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How to Pastor the Elderly

It can baffle our minds as we set care for someone who has lost their soul mate, especially when the person enjoyed that companionship for over 50 years. This is truly a great challenge, but one that God in His grace can equip pastors and the church to do. 

There is no way to fill the void of a life-long companion, but there are ways to soften the sting of loneliness that most who have lost their spouse will always struggle with, regardless of how long ago it happened.

One effective way to care for these dear saints in this way, as well as other elderly members who live alone, is to find something in their life they enjoyed doing with their spouse, offer to go do it with them and enjoy their company.

A widower in our church enjoyed 63 years of marriage with his wife when he was shocked with her sudden diagnoses of advanced cancer. She died six weeks later. Four years later, this man has never stopped grieving her loss.

There are many ways her death radically changed this man’s daily life. One in particular was his pattern of eating meals. He loved going to a restaurant with his wife, but after she died, he stopped going out to eat. Though his love for eating out still remained, he didn’t want to sit and eat by himself, knowing he would be thinking of and missing her the whole time while out.

Once I realized through a conversation with him that this was the reason, I asked if he would be willing to go to a restaurant and eat with me. He was surprised by the offer, but took me up on it. 

We began going to lunch about once every month for the next several years. He beamed every time we went; he loved the company, loved to introduce me to his friends and tell me the same stories. Although I invited him out originally, he never lets me pay. These outings have provided an opportunity to shepherd and care for him spiritually as we eat and visit that I would have never had otherwise. I received regular encouragement from him about how meaningful this time had become for him.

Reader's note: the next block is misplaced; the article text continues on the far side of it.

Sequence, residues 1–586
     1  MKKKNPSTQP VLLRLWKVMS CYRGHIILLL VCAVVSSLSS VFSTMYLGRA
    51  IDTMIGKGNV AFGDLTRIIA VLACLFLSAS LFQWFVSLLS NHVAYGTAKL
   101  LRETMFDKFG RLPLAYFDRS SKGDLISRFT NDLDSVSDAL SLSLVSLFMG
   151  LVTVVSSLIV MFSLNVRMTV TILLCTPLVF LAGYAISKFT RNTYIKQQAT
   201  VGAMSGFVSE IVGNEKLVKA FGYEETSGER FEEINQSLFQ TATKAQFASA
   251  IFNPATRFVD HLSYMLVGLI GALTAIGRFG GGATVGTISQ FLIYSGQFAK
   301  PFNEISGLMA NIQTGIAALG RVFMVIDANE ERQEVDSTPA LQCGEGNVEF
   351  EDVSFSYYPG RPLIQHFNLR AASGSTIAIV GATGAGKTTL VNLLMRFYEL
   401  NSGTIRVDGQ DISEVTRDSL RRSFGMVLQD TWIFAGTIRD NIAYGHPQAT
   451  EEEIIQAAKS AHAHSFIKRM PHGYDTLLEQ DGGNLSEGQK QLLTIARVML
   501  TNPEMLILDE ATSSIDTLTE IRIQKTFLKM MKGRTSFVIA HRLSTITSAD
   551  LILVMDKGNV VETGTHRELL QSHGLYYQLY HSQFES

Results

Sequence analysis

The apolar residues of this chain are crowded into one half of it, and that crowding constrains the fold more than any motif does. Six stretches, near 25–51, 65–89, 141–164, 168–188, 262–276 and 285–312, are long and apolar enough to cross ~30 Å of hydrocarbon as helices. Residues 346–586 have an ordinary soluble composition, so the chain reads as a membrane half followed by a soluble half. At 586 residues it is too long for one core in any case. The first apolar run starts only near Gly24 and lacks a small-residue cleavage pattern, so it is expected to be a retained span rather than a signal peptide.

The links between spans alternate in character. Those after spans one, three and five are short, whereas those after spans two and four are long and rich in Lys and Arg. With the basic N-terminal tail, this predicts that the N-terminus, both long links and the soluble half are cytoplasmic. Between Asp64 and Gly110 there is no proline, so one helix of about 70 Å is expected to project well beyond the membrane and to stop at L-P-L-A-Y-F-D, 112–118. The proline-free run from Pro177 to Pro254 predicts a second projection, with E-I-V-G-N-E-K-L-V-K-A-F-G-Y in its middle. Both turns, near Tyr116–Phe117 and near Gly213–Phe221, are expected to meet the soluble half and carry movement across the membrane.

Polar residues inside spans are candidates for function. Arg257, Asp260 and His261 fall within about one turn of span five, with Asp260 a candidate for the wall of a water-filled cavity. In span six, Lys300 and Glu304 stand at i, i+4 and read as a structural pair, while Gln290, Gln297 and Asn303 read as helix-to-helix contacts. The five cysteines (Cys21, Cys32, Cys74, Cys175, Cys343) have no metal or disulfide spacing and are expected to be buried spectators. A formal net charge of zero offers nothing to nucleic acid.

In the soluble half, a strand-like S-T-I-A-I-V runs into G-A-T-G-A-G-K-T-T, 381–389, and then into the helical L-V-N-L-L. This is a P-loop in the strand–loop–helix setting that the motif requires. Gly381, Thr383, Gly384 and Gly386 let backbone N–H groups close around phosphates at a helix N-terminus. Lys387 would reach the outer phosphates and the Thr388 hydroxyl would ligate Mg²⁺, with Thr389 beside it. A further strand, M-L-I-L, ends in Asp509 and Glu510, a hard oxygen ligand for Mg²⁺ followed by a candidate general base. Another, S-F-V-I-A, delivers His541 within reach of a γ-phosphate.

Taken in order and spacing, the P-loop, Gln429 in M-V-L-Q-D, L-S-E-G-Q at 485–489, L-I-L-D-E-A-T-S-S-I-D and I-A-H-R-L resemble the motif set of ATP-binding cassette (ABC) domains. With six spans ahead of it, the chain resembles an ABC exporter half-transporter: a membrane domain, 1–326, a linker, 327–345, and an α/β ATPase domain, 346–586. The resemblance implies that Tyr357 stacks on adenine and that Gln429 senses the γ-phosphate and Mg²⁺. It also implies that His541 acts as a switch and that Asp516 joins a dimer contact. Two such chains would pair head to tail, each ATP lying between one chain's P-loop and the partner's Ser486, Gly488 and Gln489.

As a result of this fruitful experience, several other church members have pursued lunch with this man, and the spiritual care he has received from the congregation through this medium has been immeasurable! These times of fellowship and care continued until the day he died, eight years after his wife preceded him in death.

Some of the best ways to care for widows/widowers and other elderly members is to simply spend time with them doing the things they enjoy doing. 

Ask about their deceased spouse and the things they did together that meant so much. Then, offer to do those things with them. You will gain insight into those things they loved to do, as well as provide a healthy way for them to continue to grieve their loss.

Make the time. Think creatively. You can have confidence you will be as blessed as they are by your efforts.  

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braincroft@churchleaders.com'
Brian Croft is senior pastor of Auburndale Baptist Church in Louisville, Kentucky. He is also the author of "Visit the Sick: Ministering God’s Grace in Times of Illness (foreword by Mark Dever) and "Test, Train, Affirm, and Send Into Ministry: Recovering the Local Church’s Responsibility to the External Call" (foreword by R. Albert Mohler Jr.). Brian blogs regularly at Practical Shepherding.